Yes, senior cat food typically contains less protein because older cats are generally less active and have a lower metabolism, so they do not need as much protein to support their daily activities and avoid weight gain.
Older cats’ nutritional needs differ from young and adults (regular dry cat food), and they do not need high protein to maintain their muscle mass. Their food should be formulated with lower levels of fat and calories to meet specific health requirements.
Why Does Senior Cat Food Have Less Protein?
Cats’ nutritional requirements change as they age. Senior cat chow does not need rich protein meals for their health, because they may have weakened kidney function, and are unable to metabolise large doses of protein as efficiently as younger cats. It is one of the reasons why geriatric cat food has less protein than adult and kitten food since it aids in the prevention of obesity and the maintenance of organ function in cats in their golden years.
To help you understand further, here are the advantages and disadvantages of lower protein content in cat food.
You can also read our guide; Why it is Not Ok for a Kitten to Eat Senior Cat Food
Advantages of Feeding Senior Cats Reduced Protein Diet
- Supports healthy kidney and liver functions.
- It helps prevent bloat, and obesity, and maintain a healthy weight.
- Reduces the risk of urinary tract infections and bladder stones.
- A special low carbs diet helps diabetic felines maintain proper glucose levels.
- May help extend lifespan while maintaining good muscle mass.
Disadvantages of Feeding Senior Cats Low Protein Diet
- Some geriatric cats may still have a high protein need due to established health issues or veterinarian recommendations.
- May cause muscle loss or other negative effects if not formulated properly.
- May not be as palatable to some cats, leading to reduced food intake and potential weight loss.
What Makes Senior Cat Food?
The ingredients used in senior cat food can vary depending on the specific brand recipe and formula. In common, senior cat food is easy on the stomach and soft for chewing for cats with no teeth or dental problems. It may contain a mix of protein sources, such as chicken, fish for taurine, or lamb, as well as carbohydrates like rice or corn.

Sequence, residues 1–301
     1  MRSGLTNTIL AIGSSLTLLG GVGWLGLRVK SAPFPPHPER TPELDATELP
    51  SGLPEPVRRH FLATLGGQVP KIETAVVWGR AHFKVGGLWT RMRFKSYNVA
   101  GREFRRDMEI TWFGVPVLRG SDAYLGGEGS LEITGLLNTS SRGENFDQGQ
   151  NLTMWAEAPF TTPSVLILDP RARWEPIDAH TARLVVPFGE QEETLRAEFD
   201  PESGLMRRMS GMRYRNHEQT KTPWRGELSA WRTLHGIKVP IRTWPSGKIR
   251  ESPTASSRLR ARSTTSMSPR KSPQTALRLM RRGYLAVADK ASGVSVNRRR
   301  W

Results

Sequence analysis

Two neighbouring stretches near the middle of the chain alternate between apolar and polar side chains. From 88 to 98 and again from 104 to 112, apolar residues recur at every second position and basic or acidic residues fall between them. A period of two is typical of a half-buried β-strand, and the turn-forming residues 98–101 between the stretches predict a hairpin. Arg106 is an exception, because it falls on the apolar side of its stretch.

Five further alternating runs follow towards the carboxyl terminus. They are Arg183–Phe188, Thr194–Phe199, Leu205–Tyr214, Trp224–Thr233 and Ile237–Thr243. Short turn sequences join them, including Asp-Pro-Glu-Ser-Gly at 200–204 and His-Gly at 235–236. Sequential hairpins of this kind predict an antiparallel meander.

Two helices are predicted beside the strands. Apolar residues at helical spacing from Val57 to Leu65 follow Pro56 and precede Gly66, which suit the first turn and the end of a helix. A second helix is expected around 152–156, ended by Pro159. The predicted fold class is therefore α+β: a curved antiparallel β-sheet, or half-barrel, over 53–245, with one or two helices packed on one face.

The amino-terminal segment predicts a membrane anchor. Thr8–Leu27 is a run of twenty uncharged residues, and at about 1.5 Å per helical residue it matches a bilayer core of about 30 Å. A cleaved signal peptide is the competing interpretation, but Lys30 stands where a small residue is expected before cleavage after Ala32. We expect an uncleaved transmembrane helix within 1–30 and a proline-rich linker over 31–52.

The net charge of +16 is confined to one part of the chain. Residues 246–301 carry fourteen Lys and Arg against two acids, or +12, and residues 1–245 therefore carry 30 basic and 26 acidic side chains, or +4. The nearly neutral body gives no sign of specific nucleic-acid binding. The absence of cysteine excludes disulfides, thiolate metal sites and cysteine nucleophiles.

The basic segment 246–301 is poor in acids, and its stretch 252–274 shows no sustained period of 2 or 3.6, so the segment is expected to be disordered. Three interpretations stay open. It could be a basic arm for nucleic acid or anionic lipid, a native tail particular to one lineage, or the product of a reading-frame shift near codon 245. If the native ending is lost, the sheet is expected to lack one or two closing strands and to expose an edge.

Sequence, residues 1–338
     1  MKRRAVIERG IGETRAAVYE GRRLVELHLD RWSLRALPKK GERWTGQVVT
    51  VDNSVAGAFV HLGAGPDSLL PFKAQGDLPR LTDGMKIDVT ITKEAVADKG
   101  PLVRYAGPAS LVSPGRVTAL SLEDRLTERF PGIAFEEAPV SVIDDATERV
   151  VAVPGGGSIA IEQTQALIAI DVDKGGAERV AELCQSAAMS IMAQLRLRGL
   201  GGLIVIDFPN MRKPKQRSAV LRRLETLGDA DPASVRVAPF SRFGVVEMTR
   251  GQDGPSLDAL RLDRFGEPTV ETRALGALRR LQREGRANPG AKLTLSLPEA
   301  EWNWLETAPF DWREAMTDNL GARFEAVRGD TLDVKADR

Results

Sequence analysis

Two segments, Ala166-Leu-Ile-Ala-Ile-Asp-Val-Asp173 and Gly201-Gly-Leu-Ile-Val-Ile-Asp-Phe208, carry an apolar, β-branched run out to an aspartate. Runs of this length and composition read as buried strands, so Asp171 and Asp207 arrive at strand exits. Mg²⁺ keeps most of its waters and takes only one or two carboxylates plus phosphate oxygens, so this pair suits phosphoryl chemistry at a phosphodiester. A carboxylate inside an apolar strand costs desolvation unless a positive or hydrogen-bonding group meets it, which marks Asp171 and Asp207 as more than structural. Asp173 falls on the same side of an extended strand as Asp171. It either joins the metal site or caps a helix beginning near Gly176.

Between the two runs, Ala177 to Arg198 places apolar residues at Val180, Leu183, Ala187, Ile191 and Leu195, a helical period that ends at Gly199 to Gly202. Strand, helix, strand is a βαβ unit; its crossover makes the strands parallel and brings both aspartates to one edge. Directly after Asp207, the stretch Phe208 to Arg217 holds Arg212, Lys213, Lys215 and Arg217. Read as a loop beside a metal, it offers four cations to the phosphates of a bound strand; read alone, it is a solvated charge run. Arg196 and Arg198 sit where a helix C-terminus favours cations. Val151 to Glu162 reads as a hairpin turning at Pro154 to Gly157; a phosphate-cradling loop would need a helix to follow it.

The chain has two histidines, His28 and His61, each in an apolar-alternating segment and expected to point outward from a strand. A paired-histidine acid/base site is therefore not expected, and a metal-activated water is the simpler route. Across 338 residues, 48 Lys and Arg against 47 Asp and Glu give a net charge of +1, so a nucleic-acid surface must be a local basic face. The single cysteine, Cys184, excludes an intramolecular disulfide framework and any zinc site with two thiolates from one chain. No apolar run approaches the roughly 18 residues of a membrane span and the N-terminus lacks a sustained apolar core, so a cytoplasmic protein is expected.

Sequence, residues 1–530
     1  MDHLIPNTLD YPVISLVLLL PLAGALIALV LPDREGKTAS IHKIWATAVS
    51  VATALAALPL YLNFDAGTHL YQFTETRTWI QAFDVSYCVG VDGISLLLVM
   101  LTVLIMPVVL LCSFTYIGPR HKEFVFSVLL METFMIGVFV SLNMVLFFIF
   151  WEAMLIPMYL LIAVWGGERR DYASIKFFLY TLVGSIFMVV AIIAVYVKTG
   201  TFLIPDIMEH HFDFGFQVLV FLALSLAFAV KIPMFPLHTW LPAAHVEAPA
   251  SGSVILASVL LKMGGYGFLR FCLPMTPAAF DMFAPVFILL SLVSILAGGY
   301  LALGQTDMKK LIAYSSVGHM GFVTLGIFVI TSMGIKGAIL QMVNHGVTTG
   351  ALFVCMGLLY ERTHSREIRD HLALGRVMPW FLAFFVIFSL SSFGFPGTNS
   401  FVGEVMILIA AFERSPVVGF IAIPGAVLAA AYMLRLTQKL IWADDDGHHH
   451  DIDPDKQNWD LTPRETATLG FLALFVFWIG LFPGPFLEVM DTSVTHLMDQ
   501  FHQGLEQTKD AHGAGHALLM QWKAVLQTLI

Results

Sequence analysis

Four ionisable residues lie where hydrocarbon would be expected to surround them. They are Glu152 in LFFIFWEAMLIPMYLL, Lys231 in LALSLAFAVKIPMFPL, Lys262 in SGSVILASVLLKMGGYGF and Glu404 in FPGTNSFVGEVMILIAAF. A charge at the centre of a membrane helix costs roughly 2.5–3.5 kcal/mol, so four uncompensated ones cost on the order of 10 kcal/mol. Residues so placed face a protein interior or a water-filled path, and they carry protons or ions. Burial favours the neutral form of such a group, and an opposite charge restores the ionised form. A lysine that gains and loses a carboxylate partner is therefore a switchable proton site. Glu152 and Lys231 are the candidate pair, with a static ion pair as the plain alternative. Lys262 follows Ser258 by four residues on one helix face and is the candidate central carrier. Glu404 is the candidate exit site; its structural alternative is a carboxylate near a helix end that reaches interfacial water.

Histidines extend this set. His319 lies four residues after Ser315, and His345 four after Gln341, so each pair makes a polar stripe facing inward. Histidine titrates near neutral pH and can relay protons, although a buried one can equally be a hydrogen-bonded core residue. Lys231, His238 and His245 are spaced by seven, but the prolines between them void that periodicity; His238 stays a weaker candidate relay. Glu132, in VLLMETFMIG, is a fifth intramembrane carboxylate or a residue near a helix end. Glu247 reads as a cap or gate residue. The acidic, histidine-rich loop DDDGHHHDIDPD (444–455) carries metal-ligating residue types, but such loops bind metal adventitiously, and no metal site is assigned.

Some senior cat food may be specifically designed for cats with certain health conditions, such as kidney disease or urinary tract problems. These formulas may be made with specially selected ingredients to support renal health and reduce the risk of urinary tract issues. It may also contain added vitamins and minerals to support the overall health of older cats to stay healthy and happy.
How Much Crude Protein is Required for an Elderly Cat?
The amount of protein that senior cats need varies depending on the food type, particularly wet and dry forms:
Canned Cat Food Protein Requirements
Wet cat food typically called canned cat food contains more protein than dry cat food. In general, senior cats should receive around 10-30% protein in their diet, which can be provided through wet cat food or a combination of wet and dry food. It is important to choose a high-quality wet cat food formulated for senior cats with a balance of essential amino acids to support muscle maintenance and overall health.
Dry Cat Food Protein Requirements
There is typically 20–28% protein in dry cat food, which is less than in wet food. You can feed your elderly cat a complete dry cat food as a one-course dish, but be sure to soak it in water to make them easily chew, or combine it with wet or homemade food. To prevent obesity in senior cats, it is crucial to use high-quality soft dry cat food.